Start-BitsTransfer -Credential $cred2 -Authentication Ntlm -TransferType Download -Source https://<ipaddress>:<port>/data/data.txt -Destination F:\httpsTest\download
        }
        finally
        {
            'Place breakpoint here if you want to view the various credential variables.'
        }
    }
    
    $cred = (Get-Credential) 
    "Credential username now looks like: [$($cred.UserName)]"
    TestCredential -Credential $cred
    "Credential username now looks like: [$($cred.UserName)]"

    Tuesday, August 16, 2016 5:20 PM
  • First this:

    $cred2 = New-Object -TypeName PSCredential -ArgumentList @($Credential.UserName, $Credential.Password)

    Should be

    $cred2 = New-Object -TypeName PSCredential($Credential.UserName, $Credential.Password)

    Most of what you are doing doesn't seem to make much sense. Just use the credential object directly.


    \_(ツ)_/

    Tuesday, August 16, 2016 5:27 PM
  • I would love to, but it doesn't work.  :-)  When I use the credential object directly, it becomes corrupted. That's what this topic is all about: why do the BitsTransfer cmdlets corrupt the credential object so that it can't be used again?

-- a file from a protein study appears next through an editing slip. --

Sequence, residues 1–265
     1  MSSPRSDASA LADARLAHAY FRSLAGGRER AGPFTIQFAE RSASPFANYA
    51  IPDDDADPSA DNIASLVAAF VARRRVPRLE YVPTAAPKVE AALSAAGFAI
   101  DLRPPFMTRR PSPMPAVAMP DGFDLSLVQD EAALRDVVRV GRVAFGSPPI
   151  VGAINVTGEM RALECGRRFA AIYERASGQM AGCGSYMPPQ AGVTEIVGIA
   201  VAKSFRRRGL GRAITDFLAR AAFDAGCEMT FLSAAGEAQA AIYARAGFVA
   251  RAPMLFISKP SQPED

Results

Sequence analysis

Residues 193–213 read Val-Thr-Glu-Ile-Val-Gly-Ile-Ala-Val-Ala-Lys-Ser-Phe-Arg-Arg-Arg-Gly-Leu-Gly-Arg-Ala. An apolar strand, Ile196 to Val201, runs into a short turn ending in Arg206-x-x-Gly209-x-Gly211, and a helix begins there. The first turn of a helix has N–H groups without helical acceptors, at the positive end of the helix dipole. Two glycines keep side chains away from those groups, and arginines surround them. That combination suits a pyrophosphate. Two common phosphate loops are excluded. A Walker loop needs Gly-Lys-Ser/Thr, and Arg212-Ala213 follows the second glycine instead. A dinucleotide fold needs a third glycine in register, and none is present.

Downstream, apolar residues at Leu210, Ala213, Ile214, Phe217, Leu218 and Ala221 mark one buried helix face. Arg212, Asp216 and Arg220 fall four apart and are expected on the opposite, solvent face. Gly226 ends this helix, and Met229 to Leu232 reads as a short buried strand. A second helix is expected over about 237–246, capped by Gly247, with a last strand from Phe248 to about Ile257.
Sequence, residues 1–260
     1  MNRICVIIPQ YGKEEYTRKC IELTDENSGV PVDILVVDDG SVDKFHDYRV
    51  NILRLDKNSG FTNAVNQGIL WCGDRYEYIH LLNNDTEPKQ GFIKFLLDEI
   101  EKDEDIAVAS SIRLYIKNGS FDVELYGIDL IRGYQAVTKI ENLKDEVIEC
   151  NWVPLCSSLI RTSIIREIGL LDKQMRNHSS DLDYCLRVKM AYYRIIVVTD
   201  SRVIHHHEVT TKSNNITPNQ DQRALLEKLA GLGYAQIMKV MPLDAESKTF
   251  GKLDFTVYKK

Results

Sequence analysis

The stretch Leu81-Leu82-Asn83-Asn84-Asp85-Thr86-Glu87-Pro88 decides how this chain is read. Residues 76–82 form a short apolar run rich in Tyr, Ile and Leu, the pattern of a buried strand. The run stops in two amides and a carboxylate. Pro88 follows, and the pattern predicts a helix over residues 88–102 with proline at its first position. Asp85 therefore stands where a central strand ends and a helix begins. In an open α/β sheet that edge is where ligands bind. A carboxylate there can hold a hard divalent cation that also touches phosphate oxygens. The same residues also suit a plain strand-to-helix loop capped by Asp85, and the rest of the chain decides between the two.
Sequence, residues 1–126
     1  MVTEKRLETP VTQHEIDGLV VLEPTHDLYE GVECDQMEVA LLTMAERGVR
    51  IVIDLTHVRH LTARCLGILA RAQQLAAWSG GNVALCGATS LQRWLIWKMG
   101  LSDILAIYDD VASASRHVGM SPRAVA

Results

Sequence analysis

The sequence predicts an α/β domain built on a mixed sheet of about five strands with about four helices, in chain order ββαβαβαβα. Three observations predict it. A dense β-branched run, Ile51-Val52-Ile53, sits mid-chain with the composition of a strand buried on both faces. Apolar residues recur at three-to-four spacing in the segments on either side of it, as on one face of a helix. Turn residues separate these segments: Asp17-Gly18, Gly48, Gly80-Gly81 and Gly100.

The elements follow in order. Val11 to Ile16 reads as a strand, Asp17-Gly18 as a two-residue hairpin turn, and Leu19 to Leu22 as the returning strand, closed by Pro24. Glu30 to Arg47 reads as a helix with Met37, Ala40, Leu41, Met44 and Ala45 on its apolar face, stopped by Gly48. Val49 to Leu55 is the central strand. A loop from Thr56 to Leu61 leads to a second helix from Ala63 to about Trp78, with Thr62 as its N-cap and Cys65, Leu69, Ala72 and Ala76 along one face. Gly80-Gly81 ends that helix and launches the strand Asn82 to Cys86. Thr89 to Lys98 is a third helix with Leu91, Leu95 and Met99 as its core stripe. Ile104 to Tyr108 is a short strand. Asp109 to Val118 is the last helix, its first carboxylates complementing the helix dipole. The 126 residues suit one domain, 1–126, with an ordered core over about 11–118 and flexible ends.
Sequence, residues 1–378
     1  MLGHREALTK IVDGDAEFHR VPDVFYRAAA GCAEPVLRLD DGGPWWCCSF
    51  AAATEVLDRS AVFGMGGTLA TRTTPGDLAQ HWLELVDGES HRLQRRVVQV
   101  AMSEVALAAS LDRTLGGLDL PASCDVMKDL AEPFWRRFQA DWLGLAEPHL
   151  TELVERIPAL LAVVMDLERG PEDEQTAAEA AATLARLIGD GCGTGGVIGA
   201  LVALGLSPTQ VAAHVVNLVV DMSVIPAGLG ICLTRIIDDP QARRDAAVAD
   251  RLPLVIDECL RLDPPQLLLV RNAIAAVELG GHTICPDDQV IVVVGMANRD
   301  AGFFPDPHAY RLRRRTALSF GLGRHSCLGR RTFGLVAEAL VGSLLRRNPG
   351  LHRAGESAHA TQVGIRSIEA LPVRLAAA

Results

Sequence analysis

The example above is not what my script is doing; it is a test script to illustrate the problem.  The first section ("Does not corrupt $Credential") shows the workaround that gets me around the problem because it only corrupts $cred1, not $Credential.  The second section ("Corrupts $cred2 and $Credential") shows how using a credential object ($cred2) in the Start-BitsTransfer cmdlet corrupts not only $cred2, but also the credential it was created from, $Credential, thereby making both of them useless henceforth.

    It appears there is a bug in the BitsTransfer cmdlets or in .NET itself that is corrupting the UserName property of the PSCredential object (even though that property is supposed to be invariant).  It also appears that this corrupted value is also used when a new PSCredential is created (via New-Object) using the same username unless Get-Credential is called (which apparently works).  This is not necessarily a bug, but probably an optimization of sorts.